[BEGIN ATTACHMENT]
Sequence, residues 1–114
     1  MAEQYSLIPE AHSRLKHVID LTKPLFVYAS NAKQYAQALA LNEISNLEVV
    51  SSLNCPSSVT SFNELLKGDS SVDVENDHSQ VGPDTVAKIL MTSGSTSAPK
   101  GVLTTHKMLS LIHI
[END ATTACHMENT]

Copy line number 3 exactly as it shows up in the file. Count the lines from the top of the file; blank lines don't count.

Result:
    51  SSLNCPSSVT SFNELLKGDS SVDVENDHSQ VGPDTVAKIL MTSGSTSAPK